I have installed Debian 8 64Bit in my VPS. If I need to know what the bit of OS install in VPS command is uname -a and for OS information lsb_release -a.

But in Debian Linux distribution the uname -a command is working but lsb_release -a command is not working.


If lsb_release -a is not working, you need to install the package:

sudo apt-get install lsb-release

From https://packages.debian.org/jessie/lsb-release

Linux Standard Base version reporting utility
The lsb-release command is a simple tool to help identify the Linux distribution being used and its compliance with the Linux Standard Base. LSB conformance will not be reported unless the required metapackages are installed.

If you install lsb-core, lsb_release will output more information, but will also install more packages. So do additionally:

sudo apt-get install lsb-core

From https://packages.debian.org/jessie/lsb-core

This package provides an implementation of the core of version 4.1 of the Linux Standard Base for Debian on the Intel x86, Intel ia64 (Itanium), IBM S390, and PowerPC 32-bit architectures with the Linux kernel.

Output without lsb-core:

$ lsb_release -a
No LSB modules are available.
Distributor ID: Debian
Description:    Debian GNU/Linux 8.3 (jessie)
Release:    8.3
Codename:   jessie

Output with lsb-core package installed:

LSB Version:    core-2.0-amd64:core-2.0-noarch:core-3.0-amd64:core-3.0-noarch:core-3.1-amd64:core-3.1-noarch:core-3.2-amd64:core-3.2-noarch:core-4.0-amd64:core-4.0-noarch:core-4.1-amd64:core-4.1-noarch:security-4.0-amd64:security-4.0-noarch:security-4.1-amd64:security-4.1-noarch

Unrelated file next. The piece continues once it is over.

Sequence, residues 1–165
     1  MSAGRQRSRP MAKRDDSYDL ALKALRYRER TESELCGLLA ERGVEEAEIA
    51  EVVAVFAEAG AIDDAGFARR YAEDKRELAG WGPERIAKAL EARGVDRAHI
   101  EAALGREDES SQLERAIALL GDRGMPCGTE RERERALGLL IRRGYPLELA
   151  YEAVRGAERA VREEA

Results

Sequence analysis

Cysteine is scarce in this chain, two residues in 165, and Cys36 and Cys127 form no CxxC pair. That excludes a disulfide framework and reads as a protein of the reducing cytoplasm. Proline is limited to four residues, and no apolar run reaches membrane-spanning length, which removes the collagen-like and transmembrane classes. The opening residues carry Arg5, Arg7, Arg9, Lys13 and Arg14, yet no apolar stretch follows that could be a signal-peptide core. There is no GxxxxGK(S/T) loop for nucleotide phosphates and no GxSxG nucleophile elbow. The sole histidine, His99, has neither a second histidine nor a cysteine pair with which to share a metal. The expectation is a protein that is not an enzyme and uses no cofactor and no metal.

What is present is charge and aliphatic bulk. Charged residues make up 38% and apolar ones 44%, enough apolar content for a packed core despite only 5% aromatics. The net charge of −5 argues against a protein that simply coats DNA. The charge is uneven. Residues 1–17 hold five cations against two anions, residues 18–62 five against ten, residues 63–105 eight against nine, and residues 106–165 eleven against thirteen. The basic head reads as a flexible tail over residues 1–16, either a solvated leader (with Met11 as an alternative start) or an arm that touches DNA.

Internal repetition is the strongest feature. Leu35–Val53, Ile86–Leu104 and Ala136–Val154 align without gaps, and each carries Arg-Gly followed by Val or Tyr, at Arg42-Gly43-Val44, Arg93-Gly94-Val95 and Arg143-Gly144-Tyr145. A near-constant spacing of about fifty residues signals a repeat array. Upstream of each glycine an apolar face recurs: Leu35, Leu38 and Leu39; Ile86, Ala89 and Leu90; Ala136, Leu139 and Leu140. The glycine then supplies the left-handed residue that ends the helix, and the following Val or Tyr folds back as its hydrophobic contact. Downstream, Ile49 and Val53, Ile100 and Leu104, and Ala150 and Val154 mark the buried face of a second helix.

Distributor ID: Debian
Description:    Debian GNU/Linux 8.3 (jessie)
Release:    8.3
Codename:   jessie

Aditional packages installed for lsb-core (in my case):

alien at bc cups-bsd cups-client cups-common debhelper debugedit intltool-debian lib32z1 libc6-i386 libcupsfilters1 libcupsimage2 libmail-sendmail-perl librpm3 librpmbuild3 librpmio3 librpmsign1 libsys-hostname-long-perl lsb-security pax po-debconf rpm rpm-common rpm2cpio

Mind you these packages are normally installed by default, and someone (like me) too care of deinstalling them in your VPS.

I originally had none installed, at the end I made a compromise of having lsb_release but not lsb-core in order not to inflate the number of packages.

  • (I have the lsb-release package installed in my virtual servers, but not lsb-core) – Rui F Ribeiro Feb 12 '16 at 19:14
  • 1
    Sound pretty good. but if I installed it, then it consumes 80MB space on my VPS HDD and may also consume some ram space. so Is it wise to install this extra lsb-release for just one purpose. – Shuvankar Paul Feb 15 '16 at 6:41
  • exactly, lsb-core brings too many packages for a VPS farm – Rui F Ribeiro Feb 15 '16 at 7:12
  • added these comments to the answer. They do not use up RAM space, as they are not daemons. The only "suspect" thing there is cups-bsd, but it can be deactivated. As I added to the answer normally in non-VPS machines these packages are installed by default. – Rui F Ribeiro Feb 15 '16 at 8:50
cat /etc/lsb-release
cat /etc/os-release

if these fail

ls -l /etc/*release*

and look and see the contents of those files

  • /etc/issue also usually has release/distribution information. – DopeGhoti Feb 12 '16 at 23:14

You can use hostnamectl


The output:

  Static hostname: debian
       Icon name: computer
         Chassis: Laptop
      Machine ID: 4c983dae19f6403ca2c555c386cdeb14
         Boot ID: 3b399eb976d04569a8514a1dczdv4d81
Operating System: Debian GNU/Linux 8 (jessie)
          Kernel: Linux 3.16.0-4-amd64
    Architecture: x86-64

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